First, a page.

All posts tagged: Writing

Why Being Creative is Like Pole Dancing

Before I left Vancouver, I took lessons in exotic and lyrical pole dance several times a week for fun and fitness. When I first saw people doing moves like “fallen angel” (in which a dancer hangs upside down from the pole with one leg, no hands), I thought, Uh-uh. No way. I’ll smoosh my skull like a watermelon. Photo: “Pole dancing instructor working”, © AntonioDiaz, Adobe Stock.

How to Feel How You Want to Feel When You Do Creative Work

I’ll let you in on a little secret: often, when I sit down to write, I feel like a squirmy toddler getting stuffed into a car seat.

Heck, I felt that way while starting to write this very post, before I reviewed the list I’ll show you in a minute. I thought, No one’s going to like this. It’s a dumb idea. I should write about something else. I’m just stealing from other, smarter people.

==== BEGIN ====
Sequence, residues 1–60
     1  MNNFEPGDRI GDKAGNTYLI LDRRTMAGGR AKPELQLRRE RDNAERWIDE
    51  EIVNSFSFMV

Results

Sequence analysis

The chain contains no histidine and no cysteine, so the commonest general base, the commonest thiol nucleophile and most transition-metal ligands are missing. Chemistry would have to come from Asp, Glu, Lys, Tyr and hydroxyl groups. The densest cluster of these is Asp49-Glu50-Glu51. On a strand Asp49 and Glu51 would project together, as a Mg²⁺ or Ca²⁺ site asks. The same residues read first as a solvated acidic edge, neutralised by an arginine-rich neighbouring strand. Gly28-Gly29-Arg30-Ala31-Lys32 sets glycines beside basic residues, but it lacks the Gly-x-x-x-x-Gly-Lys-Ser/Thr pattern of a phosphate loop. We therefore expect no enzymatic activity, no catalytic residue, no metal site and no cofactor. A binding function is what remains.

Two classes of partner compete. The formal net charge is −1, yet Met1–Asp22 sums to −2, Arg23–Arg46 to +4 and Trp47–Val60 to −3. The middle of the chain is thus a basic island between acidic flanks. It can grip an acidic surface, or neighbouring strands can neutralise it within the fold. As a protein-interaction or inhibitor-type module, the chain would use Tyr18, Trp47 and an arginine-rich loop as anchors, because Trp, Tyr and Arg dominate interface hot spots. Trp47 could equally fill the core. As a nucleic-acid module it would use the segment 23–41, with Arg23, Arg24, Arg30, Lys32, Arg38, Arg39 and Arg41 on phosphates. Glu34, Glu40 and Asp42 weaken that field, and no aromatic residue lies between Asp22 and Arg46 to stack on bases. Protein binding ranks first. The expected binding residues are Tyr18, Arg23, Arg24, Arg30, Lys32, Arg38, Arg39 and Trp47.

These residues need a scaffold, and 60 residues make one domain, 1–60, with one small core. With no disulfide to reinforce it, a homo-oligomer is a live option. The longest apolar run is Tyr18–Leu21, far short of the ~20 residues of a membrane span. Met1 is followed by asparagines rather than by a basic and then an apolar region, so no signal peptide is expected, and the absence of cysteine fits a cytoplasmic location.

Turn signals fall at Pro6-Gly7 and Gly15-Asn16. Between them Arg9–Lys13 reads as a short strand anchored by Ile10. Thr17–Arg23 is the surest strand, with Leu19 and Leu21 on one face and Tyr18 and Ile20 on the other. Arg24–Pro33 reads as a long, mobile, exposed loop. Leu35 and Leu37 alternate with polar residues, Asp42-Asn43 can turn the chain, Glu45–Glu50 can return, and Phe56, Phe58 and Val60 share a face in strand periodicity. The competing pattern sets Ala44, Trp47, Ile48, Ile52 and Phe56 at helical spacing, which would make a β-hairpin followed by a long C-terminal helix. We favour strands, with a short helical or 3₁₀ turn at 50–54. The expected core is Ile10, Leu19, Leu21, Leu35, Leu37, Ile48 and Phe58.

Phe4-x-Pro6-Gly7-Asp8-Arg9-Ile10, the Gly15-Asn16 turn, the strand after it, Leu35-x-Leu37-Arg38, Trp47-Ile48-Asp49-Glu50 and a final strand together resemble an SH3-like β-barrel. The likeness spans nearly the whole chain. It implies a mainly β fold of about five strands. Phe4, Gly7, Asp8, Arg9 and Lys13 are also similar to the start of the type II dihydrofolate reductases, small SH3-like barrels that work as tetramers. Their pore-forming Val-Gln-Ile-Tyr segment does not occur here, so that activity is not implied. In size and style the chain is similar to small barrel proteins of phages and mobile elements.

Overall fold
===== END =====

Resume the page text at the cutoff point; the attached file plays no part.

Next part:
3 Ways to Work Around Your Ego

I’ve lost a lot of writing contests lately. Well, I didn’t lose them, exactly, but I definitely didn’t win anything. I’ve gotten a lot of plain old standard-issue rejection letters, too. It’s been a great opportunity to reflect on how my ego slithers into my creative work. Ultimately, the ego causes all my creative blocks, and probably yours too. It’s what tells me I’m a worthless human if people don’t like my writing, which is the thought underlying every other thought that stops me, thoughts like, But I can’t write until I’ve checked my email. It’s what tells me to write what’ll make me look good instead of what’s true. It’s what stops me from sharing what I’ve written. It pulls my attention to the reception of my work, and away from my real reasons for creating: to touch people, to make them laugh, to show them they’re not alone, to take them for awhile off their mental hamster wheels (we’ve all got them), and to give what I can. Still, I’ve made stuff and shared it. Luckily, we don’t have to lose …